The loss of snow cover in the Arctic will mean that less solar energy will be reflected back into space, thus adding to the warming of the Arctic's land and water surfaces. Unprecedented rainfall is already being witnessed on Greenland's Ice Sheet by the local Inuit inhabitants.

According to the Arctic warming report, the loss of Arctic ice and permafrost will also result in the near extinction of a number of species, including the polar bear, a number of seal species, walruses, caribou, reindeer, lemmings, voles, and migratory birds such as snow owls. The Indigenous People of the Arctic will be forced to relocate from floods, loss of permafrost, coastal erosion from killer storms, building collapse from destruction of permafrost, and loss of food supply. In addition, rising Arctic temperatures are permitting the invasion of destructive insects such as the spruce beetle which has already decimated 1.6 million hectares of white spruce and Sitka/Lutz spruce on Alaska's Kenai Peninsula. In Sweden, invading moths have destroyed entire forests of birch trees. New species of birds entering the warmer Arctic tundra regions are also bringing with them a new disease - West Nile Virus, which threatens both humans and animals.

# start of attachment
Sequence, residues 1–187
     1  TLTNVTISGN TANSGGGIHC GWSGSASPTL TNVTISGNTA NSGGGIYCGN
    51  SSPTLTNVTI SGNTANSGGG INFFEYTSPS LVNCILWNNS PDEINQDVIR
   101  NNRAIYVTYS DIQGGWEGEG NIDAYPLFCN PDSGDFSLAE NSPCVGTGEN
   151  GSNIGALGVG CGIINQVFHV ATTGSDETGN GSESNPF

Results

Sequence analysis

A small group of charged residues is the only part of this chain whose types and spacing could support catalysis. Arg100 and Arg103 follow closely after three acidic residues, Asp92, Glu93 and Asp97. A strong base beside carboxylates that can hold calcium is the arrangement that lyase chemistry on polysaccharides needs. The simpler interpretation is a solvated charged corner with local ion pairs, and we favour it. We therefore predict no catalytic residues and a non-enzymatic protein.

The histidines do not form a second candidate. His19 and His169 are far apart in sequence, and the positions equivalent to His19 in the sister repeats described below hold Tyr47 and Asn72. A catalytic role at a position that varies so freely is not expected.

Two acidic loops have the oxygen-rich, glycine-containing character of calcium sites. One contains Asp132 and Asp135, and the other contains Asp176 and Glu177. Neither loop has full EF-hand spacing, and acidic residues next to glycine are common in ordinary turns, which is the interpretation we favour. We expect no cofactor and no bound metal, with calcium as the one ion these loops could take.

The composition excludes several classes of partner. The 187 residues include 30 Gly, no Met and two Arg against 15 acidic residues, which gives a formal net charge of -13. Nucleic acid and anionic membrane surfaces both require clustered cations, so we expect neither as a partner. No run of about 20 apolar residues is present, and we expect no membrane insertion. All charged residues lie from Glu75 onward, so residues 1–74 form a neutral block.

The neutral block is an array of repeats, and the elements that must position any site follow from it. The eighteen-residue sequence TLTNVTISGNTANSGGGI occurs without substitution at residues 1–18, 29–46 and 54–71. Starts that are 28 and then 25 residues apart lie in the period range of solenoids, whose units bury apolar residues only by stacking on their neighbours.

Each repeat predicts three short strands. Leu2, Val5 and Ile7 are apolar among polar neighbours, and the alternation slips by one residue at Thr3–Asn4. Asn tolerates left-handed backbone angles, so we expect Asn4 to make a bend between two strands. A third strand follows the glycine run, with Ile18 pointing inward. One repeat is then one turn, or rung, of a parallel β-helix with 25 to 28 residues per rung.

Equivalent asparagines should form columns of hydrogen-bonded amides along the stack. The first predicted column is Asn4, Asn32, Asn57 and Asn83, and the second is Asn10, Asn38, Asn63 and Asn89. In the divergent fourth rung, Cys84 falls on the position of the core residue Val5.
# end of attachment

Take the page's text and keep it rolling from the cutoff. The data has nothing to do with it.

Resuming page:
The Bush administration, in its unwillingness to appreciate the impact of Arctic warming and its desire for expanded oil sources, has incurred the wrath of the nations and peoples of the Arctic Council. These are Canada, Denmark, Greenland, Faroe Islands, Finland, Iceland, Norway, Russia, Sweden, the Aleut International Association, Arctic Athabaskan Council, Gwich'in Council International, Inuit Circumpolar Conference, Russian Association of Indigenous Peoples of the North, the Saami Council along with observers France, Germany, the Netherlands, Poland, and the United Kingdom. Russian President Vladimir Putin and Queen Elizabeth have both championed the efforts to reverse global warming as have Senators John McCain and Joseph Lieberman.

See also:
"An Arctic Alert on Global Warming," Peter N. Spotts, Staff writer of The Christian Science Monitor. November 9th, 2004

"Satellites Record Weakening North Atlantic Current," NASA, Goddard Space Flight Center press release. April 15th, 2004.

1 See Jamey Hecht, "Scarcity and Compensation in Herman Melville's Moby Dick," The Massachusetts Review, Vol. XXXX No. 1. Spring 1999: